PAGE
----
Nutrition in aging will become an increasingly important issue as the number of Americans over the age of 64 is expected to jump in the next 25 years from the current 15 percent of the population (42.6 million) to 22 percent. For a variety of reasons, nutrient needs change with aging. For example, calorie needs drop, while certain nutrient requirements increase, making it necessary to pack more nutrition into fewer calories. Nutrient-dense soyfoods can help older people meet their dietary needs for protein, fiber, calcium, vitamin D, vitamin B12 and potassium. Soyfoods—including tofu, fortified soymilk, edamame, tempeh and whole soybeans—are affordable, convenient and readily available in supermarkets across the country.
Some of the age-related factors affecting health and nutrition include:
The loss of lean muscle mass can lead to gaining body fat.
Dental changes can affect the ability to chew and may affect food choices.
A decrease in gastric (stomach) acid secretion reduces the absorption of iron and vitamin B12.
Appetite and thirst signals can be depressed, leading to malnutrition and dehydration.
Calcium absorption decreases so calcium requirements increase.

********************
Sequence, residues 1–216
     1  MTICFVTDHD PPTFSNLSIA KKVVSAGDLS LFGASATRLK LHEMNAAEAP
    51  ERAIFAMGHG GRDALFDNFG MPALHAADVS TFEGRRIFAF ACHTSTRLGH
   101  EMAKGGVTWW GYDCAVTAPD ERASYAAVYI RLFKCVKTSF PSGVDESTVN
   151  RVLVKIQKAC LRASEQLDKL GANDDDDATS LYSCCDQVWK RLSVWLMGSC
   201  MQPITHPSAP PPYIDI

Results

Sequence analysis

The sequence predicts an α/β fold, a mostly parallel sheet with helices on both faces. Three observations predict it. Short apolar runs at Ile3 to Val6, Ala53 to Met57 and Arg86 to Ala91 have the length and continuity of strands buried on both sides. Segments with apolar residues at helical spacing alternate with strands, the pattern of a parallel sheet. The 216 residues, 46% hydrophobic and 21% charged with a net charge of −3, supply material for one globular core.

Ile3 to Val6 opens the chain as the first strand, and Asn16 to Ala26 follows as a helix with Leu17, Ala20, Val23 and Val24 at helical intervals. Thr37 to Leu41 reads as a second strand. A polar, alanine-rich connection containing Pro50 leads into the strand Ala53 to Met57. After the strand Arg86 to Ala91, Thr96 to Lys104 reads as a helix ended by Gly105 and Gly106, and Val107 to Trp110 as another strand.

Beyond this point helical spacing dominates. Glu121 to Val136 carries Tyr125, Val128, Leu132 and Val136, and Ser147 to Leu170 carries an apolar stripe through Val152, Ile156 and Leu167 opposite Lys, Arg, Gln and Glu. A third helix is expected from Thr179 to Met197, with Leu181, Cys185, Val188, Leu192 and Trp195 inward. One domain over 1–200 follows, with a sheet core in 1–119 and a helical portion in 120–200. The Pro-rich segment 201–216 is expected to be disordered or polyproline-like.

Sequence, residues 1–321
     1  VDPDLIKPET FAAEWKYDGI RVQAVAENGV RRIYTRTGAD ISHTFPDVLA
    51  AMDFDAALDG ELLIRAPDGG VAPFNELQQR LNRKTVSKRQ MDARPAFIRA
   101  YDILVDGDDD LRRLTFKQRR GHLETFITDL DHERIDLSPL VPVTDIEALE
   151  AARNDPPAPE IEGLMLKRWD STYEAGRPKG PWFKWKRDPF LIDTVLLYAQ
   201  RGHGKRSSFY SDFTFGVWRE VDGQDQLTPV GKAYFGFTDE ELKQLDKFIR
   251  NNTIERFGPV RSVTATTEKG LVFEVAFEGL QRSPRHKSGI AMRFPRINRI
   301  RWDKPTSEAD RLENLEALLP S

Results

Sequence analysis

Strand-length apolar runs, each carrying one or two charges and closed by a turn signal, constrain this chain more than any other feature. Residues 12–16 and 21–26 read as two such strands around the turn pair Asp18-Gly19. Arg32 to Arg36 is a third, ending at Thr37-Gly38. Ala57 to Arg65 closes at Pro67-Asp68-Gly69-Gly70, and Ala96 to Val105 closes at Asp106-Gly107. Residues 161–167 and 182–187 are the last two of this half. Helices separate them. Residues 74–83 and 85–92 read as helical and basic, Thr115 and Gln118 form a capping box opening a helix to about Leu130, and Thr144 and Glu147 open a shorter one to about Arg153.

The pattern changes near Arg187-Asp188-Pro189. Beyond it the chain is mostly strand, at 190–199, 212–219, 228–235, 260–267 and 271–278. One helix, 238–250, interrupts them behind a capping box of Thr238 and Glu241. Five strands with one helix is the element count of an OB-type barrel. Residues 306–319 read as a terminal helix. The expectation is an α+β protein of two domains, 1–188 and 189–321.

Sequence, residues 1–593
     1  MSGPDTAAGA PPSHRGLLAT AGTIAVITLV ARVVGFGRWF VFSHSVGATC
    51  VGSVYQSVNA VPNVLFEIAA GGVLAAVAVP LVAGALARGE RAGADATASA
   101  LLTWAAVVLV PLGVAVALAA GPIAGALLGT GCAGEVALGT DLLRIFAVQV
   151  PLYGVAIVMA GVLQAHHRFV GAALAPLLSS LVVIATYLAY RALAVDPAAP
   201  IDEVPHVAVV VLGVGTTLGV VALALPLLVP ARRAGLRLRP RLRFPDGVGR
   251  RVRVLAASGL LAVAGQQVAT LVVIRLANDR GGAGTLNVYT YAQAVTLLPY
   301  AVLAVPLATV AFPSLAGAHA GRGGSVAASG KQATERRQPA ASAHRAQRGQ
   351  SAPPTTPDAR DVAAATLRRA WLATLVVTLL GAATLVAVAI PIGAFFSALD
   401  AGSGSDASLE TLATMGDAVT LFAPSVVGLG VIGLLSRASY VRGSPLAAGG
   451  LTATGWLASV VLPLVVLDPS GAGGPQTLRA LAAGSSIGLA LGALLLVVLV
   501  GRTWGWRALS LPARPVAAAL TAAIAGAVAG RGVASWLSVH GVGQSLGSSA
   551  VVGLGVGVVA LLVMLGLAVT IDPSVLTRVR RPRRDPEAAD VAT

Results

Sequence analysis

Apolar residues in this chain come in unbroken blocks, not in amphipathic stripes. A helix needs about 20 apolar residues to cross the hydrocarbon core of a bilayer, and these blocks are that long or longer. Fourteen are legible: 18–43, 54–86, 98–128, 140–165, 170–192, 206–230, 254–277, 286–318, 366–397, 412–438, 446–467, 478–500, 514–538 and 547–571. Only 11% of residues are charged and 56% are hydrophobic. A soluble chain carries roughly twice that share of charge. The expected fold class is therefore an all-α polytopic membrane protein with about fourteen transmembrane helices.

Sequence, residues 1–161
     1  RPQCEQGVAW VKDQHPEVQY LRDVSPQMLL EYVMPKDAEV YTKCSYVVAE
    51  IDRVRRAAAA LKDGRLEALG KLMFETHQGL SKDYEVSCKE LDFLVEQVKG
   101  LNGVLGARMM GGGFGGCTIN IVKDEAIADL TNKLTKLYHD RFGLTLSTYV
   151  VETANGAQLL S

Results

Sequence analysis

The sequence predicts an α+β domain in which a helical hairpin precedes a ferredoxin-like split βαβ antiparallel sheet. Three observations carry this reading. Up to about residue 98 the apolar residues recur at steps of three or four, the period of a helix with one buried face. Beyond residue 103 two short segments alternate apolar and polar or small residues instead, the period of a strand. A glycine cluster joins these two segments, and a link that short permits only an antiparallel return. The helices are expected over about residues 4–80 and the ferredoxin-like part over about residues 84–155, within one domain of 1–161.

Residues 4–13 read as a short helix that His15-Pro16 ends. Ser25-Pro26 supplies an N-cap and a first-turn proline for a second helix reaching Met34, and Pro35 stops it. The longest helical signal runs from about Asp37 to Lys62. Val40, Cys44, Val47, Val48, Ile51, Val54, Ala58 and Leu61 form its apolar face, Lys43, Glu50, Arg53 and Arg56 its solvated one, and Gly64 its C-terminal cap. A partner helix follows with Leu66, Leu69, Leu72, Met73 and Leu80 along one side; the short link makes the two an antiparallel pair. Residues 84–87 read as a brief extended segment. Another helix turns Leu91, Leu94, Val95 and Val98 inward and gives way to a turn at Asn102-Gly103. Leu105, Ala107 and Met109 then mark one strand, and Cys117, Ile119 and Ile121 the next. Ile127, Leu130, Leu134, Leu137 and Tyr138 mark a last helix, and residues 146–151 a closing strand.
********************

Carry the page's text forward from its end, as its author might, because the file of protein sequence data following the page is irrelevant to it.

Decreased muscle mass and physical activity result in lower energy needs.
According to the National Health and Nutrition Examination Survey III, 40 percent of adults over the age of 70 consumed less than two-thirds of the recommended dietary allowance (RDA) for calories. Protein from plant foods may be especially valuable for older people because these foods are typically low in saturated fat compared to meat and many dairy products. Research suggests that dietary protein is most effective for maintaining muscle mass when it is consumed over the course of a day. Many older Americans consume most of their daily protein at their evening meal. However, consuming 25 to 30 grams of protein at each of three meals throughout the day may be the most effective way to meet protein needs.
Soyfoods are particularly good dietary choices because they are rich in protein that is similar in quality to animal protein. One serving of tofu or one soy-based veggie burger can provide as much as 15 grams of high-quality protein. Powdered soy protein can be added to fruit juice or smoothies for protein-packed snacks. Unlike many commonly consumed protein-rich foods, soyfoods are also cholesterol-free and low in saturated fat. In addition, calcium-fortified soymilk provides the same amount of calcium as cow’s milk, and it is just as well absorbed.
News and information presented in this release has not been corroborated by FSR, Food News Media, or Journalistic, Inc.